Rongai Route Kilimanjaro - Pros, Cons and Interesting Route Facts
rongai-route

Rongai Route – The Only Northern Starting Point on Mount Kilimanjaro

The Rongai Route is the only trail that starts from the Northern, or Kenyan side of Mount Kilimanjaro.

Because of its remote location the route offers trekkers a relatively unspoilt wilderness experience where it is possible to see large wildlife like antelope, elephant and buffalo.

The North-East side of the mountain gets significantly less moisture than the southern slopes which means that trekkers are less likely to encounter rain. Trekkers are also more likely to get clear, unclouded views of the mountain.

The Rongai Route is flatter than the other Kilimanjaro routes but because of its profile it does not offer trekkers good options to climb high and sleep low.

It can be hiked on a six, seven or even eight day route. The seven or eight day Rongai Routes are highly recommended as trekkers have extra days to acclimatise.

Summit night from Kibo Hut is steep and follows the same path taken by Marangu trekkers which passes Gilman’s Point to Uhuru Peak.

Due to its remote setting the Rongai Route receives the least traffic of all the routes on Kilimanjaro.

The Rongai Route descends via the Marangu trail.

Quicklinks:

Rongai Route Map

Rongai-Route-Map

Day-by-day Rongai Route Itinerary

The itinerary below is for a six day Rongai Route trek. Seven and eight day trekkers usually spend an additional day at Mawenzi Tarn (4,300 meters) to acclimatise. Eight day trekkers also stop on day two at Rongai Second Cave (3,450 meters) before proceeding to Kikelewa Camp (3,600 meters).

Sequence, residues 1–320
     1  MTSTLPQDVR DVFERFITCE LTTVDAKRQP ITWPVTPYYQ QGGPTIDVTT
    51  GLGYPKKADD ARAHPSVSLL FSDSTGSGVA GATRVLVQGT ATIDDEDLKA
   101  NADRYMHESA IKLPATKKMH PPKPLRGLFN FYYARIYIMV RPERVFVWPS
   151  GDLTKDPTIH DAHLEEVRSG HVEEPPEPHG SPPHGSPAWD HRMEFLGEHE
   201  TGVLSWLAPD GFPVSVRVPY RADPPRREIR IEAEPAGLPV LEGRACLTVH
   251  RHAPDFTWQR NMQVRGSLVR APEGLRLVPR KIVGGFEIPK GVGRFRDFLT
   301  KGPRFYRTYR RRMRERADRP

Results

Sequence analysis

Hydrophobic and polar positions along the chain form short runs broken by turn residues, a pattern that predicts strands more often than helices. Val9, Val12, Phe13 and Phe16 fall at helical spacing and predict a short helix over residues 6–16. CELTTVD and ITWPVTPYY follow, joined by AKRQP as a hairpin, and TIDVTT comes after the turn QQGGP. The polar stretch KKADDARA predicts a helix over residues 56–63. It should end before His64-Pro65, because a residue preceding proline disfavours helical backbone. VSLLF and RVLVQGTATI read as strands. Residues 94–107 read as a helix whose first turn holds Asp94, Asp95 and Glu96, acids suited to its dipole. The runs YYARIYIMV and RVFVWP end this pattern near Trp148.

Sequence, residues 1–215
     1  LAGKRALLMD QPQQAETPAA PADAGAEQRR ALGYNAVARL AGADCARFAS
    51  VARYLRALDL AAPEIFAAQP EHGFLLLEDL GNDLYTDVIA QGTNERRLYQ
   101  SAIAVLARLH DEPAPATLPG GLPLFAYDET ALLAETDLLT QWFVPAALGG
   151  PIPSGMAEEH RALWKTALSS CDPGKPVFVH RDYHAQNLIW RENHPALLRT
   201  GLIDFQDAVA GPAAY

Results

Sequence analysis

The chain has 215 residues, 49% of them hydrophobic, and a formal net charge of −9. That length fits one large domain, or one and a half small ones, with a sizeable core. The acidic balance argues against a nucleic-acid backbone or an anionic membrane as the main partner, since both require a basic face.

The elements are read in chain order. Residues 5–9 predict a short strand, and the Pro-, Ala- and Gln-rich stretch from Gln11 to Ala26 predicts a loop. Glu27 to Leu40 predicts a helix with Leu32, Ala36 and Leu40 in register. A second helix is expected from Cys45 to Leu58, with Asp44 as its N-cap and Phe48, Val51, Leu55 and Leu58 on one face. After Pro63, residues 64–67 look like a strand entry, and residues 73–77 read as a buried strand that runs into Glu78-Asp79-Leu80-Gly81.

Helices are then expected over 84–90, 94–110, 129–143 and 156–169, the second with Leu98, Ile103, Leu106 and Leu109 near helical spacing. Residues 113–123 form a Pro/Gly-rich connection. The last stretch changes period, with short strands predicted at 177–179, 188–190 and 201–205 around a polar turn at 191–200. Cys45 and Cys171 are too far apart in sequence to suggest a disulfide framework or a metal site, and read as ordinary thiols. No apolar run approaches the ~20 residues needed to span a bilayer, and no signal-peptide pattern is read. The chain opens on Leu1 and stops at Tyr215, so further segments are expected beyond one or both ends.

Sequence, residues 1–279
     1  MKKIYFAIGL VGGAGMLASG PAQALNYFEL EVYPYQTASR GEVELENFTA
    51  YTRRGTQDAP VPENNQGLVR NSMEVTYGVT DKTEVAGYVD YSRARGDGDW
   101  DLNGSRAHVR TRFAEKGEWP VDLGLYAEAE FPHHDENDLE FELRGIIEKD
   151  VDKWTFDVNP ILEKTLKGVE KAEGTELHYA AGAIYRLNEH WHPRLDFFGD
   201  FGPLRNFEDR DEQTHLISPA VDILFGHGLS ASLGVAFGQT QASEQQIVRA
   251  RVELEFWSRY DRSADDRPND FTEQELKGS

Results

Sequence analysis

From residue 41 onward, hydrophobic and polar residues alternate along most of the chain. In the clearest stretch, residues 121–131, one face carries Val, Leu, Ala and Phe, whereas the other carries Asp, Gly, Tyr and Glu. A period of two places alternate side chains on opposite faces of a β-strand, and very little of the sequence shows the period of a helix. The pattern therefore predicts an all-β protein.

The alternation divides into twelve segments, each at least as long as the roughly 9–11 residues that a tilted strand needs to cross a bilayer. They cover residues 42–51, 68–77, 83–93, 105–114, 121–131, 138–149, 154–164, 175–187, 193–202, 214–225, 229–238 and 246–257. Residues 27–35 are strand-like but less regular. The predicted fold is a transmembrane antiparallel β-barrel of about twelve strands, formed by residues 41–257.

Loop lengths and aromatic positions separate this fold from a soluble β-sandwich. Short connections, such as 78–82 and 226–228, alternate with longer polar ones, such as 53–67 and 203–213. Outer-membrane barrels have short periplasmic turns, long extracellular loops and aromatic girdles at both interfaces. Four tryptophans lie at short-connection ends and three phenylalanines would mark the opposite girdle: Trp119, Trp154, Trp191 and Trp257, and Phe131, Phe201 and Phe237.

Day 1 – Rongai Start Point (1,950 meters) to Rongai First Cave (2,620 meters)

Distance: ~6.5km / 3.5 miles

Trekking time: 3-4 hours

Zone: Rainforest

On day one Rongai Route trekkers are driven from either Moshi or Arusha to Marangu Gate for registration before being shuttled a further 70 kilometres on poor roads to the Rongai Start Point at 1,950 meters. The trek begins from Nale Moru village and follows a gradual and winding trail that first crosses maize fields before entering the rainforest. The first day’s hiking is easy going and you will arrive at Rongai First Cave (2,620 meters) around mid-afternoon, where you can freshen up and have dinner.

Day 2 – Rongai Cave (2,620 meters) to Kikelewa Camp (3,600 meters)

Distance: ~12km / 6.5 miles

Trekking time: 6-8 hours

Zone: Rainforest / Low Alpine Zone

On day two the hike continues from Rongai First Cave through the rainforest before transitioning into the low alpine moorland zone where you will notice the vegetation change to shrubs and grasses. You will stop for lunch at Rongai Second Cave (3,450 meters), 6km from the First Cave Camp, before turning east to Kikelewa Camp (3,600 meters) for your overnight stay. Depending on your tour operator, eight day trekkers might stop at Rongai Second Caves for the night before proceeding to Kikelewa Camp.

Day 3 – Kikelewa Camp (3,600 meters) to Mawenzi Tarn (4,300 meters)

Distance: ~4km / 2.5 miles

Trekking time: 3-4 hours

Zone: Low alpine zone / High alpine zone

Day three on the Rongai Route is a short, but steep climb from Kikelewa Camp to Mawenzi Tarn (4,300 meters) which sits in the shadow of the magnificent Mawenzi Peak. You will arrive at Mawenzi Tarn in time for lunch and then have the whole afternoon to explore the surrounding area and acclimatise.

Day 4 – Mawenzi Tarn (4,300 meters) to Kibo Hut (4,700 meters)

Distance: ~9km / 5.5 miles

Trekking time: 8-10 hours

Zone: High alpine zone

Day four is a long but gradual hike from Mawenzi Tarn heading west through the Saddle which is formed between the peaks of Kibo and Mawenzi, and up to Kibo Hut (4,700 meters). The route is dry, barren and rather inhospitable, but provides spectacular views of Kibo. At Kibo Hut you will get served dinner and will go to bed early as you will be awoken around 23:30 to begin your summit attempt. Trekkers should remember to prepare their gear, including headlamp, camera, insulated water and warm weather clothes before they go to sleep.